The equity and development dimensions in the Paris agreement : assessment and policy responses

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dc.contributor.advisor Carraro, Carlo it_IT Davide, Marinella <1981> it_IT 2017-09-11 it_IT 2019-04-06T05:48:33Z 2019-04-06T05:48:33Z 2018-02-01 it_IT
dc.description.abstract This doctoral dissertation investigates equity and development issues in the context of the Paris Agreement. It first provides an overview of the main elements of the Paris Agreement, complemented by an assessment of how the equity principle is addressed in the final text and how its implementation has evolved over time within the UNFCCC process. The analysis then evaluates the Nationally Determined Contributions (NDCs), which represent a crucial element of the agreement, according to different metrics based on equity. The third chapter uses a recursive-dynamic Computable General Equilibrium model coupled with an empirical analysis on past data to quantitatively estimate the future impacts of the mitigation objectives, included in the NDCs, on developing countries’ poverty and inequality, emphasizing also the relationship between climate change and two important Sustainable Development Goals. The research then explores the role of climate finance tools in offsetting potential trade-offs induced by the climate policy, focusing in particular on the effects of different allocation schemes of the Green Climate Fund on GDP and clean energy deployment. Overall findings suggest that the concept and implementation of the equity principle within the UNFCCC changed over the years, with the Common but Differentiated Responsibility losing its initial influence. Although the Paris Agreement abandoned the Annex I/non-Annex I countries dichotomy, the new language is not clear enough to avoid future challenges. In addition, the mitigation contributions proposed by countries are far from being consistent with the objectives of the Paris Agreement in terms of both stringency and equity. A significant gap affects the NDCs of major emitters with the only exception of India. Looking at the development opportunities, the analysis shows that the Paris Agreement is projected to slow down poverty reduction efforts, especially in countries that proposed a relatively more stringent mitigation objective. The aggregate effect, however, is not so broad. Conversely, potential synergies emerge between climate change interventions and within-country income inequality. Finally, the Green Climate Fund can play an important role in compensating for the cost of climate policy, even though the current distribution of funds could not incentivize countries to propose more ambitious emission reduction targets. it_IT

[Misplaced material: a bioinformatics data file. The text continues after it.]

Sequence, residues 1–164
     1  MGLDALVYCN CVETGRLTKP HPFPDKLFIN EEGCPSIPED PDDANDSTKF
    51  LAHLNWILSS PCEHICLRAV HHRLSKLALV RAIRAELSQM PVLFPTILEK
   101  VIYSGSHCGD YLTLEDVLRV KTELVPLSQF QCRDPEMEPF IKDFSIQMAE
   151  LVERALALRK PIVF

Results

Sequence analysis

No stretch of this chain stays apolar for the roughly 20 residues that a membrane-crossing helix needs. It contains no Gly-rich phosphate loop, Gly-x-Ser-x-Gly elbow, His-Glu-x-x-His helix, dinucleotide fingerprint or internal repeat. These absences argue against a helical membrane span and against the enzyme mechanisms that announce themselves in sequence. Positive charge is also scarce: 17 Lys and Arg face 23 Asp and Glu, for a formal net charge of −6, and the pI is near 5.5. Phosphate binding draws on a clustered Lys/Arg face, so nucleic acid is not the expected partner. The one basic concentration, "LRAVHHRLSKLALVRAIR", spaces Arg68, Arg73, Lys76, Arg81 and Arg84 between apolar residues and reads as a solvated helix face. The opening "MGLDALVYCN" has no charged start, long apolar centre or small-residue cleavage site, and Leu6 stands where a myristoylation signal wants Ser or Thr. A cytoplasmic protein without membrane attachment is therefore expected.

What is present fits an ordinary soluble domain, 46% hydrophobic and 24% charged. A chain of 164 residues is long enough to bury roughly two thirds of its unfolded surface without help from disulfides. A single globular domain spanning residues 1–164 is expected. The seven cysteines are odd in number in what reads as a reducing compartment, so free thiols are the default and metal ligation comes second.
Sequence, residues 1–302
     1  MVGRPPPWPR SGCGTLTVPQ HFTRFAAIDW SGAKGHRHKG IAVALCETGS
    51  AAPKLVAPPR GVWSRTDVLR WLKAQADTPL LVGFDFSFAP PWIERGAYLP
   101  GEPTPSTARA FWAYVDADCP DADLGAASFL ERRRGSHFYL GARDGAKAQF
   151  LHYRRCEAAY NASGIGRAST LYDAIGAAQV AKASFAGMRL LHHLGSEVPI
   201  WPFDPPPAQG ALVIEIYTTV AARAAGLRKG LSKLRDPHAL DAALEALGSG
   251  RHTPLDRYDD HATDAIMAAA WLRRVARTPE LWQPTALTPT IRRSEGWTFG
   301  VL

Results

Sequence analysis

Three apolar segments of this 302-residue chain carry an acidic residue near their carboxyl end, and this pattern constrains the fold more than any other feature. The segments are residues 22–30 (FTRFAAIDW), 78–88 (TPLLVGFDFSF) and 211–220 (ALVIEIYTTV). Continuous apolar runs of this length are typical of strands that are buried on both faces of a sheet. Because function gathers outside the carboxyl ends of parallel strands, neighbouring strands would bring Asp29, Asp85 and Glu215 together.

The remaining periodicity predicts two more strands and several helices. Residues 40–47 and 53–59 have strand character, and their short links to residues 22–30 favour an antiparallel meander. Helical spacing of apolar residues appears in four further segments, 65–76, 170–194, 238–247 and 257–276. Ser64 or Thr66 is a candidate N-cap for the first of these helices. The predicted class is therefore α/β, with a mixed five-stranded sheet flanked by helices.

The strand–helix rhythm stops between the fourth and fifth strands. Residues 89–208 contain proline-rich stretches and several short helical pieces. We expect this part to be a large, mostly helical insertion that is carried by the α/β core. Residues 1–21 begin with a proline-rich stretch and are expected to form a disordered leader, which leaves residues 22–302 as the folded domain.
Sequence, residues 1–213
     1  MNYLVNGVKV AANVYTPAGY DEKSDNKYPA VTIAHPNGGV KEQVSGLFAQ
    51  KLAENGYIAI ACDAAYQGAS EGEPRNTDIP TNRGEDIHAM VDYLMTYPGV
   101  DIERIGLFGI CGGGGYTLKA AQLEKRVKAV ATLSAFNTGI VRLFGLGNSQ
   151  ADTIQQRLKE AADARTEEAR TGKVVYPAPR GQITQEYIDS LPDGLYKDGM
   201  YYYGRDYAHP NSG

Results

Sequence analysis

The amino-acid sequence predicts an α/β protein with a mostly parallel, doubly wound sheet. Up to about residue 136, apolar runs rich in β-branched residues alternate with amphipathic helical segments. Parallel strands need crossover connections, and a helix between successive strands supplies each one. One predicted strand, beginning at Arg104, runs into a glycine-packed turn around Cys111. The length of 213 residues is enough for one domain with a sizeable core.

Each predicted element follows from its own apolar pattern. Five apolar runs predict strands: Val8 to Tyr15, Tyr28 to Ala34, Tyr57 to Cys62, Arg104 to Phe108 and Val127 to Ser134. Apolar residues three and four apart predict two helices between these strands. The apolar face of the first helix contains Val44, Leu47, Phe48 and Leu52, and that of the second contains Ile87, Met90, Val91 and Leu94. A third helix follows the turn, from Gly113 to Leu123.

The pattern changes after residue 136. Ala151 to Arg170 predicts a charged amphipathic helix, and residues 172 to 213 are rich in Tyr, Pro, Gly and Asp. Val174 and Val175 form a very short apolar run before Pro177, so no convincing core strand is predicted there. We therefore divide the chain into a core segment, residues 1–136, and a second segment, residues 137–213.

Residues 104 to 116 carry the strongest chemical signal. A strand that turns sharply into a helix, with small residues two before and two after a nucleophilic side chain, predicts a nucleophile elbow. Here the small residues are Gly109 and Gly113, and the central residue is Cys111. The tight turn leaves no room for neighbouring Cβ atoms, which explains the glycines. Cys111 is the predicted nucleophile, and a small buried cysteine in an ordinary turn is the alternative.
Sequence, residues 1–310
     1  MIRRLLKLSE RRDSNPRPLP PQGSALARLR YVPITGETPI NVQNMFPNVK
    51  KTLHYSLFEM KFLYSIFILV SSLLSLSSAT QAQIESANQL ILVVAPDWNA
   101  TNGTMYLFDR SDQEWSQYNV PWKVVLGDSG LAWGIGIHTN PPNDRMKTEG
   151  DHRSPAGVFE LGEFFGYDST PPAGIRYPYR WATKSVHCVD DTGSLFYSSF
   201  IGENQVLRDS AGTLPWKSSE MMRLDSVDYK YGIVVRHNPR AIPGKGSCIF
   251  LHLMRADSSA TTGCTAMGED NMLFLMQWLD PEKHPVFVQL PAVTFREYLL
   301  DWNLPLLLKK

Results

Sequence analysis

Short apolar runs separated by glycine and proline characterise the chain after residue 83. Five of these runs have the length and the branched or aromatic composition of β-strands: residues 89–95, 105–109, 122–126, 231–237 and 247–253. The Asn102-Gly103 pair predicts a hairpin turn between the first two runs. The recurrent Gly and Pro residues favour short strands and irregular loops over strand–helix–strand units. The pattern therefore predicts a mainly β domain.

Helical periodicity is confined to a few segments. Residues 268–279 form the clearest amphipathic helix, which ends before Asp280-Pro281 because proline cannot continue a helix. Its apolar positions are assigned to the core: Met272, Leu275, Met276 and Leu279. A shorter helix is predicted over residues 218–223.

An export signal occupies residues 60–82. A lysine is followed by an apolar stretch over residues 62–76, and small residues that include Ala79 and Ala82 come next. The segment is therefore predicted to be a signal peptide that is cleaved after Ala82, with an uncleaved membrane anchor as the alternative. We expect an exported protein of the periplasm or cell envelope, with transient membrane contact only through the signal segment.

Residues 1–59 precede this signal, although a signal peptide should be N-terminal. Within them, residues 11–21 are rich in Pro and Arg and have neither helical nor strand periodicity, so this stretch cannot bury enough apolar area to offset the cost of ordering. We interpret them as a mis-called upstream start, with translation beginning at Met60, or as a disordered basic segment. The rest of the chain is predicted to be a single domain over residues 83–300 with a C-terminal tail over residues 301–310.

dc.language.iso en it_IT
dc.publisher Università Ca' Foscari Venezia it_IT
dc.rights © Davide Marinella, 2017 it_IT
dc.title The equity and development dimensions in the Paris agreement : assessment and policy responses it_IT
dc.title.alternative it_IT
dc.type Doctoral Thesis it_IT Scienza e gestione dei cambiamenti climatici it_IT Dottorato di ricerca it_IT Dipartimento di Economia it_IT
dc.description.academicyear 30 CICLO + PROLUNGAMENTI E SOSPENSIONI 29 CICLO it_IT
dc.description.cycle 30 it_IT Barbante, Carlo it_IT
dc.location.shelfmark D001840 it_IT
dc.location Venezia, Archivio Università Ca' Foscari, Tesi Dottorato it_IT
dc.rights.accessrights openAccess it_IT
dc.thesis.matricno 956155 it_IT
dc.format.pagenumber 128 p. it_IT
dc.subject.miur SECS-P/01 ECONOMIA POLITICA it_IT
dc.subject.miur SECS-P/02 POLITICA ECONOMICA it_IT
dc.description.note it_IT it_IT it_IT
dc.provenance.upload Davide Marinella ( it_IT
dc.provenance.plagiarycheck Carlo Carraro ( it_IT

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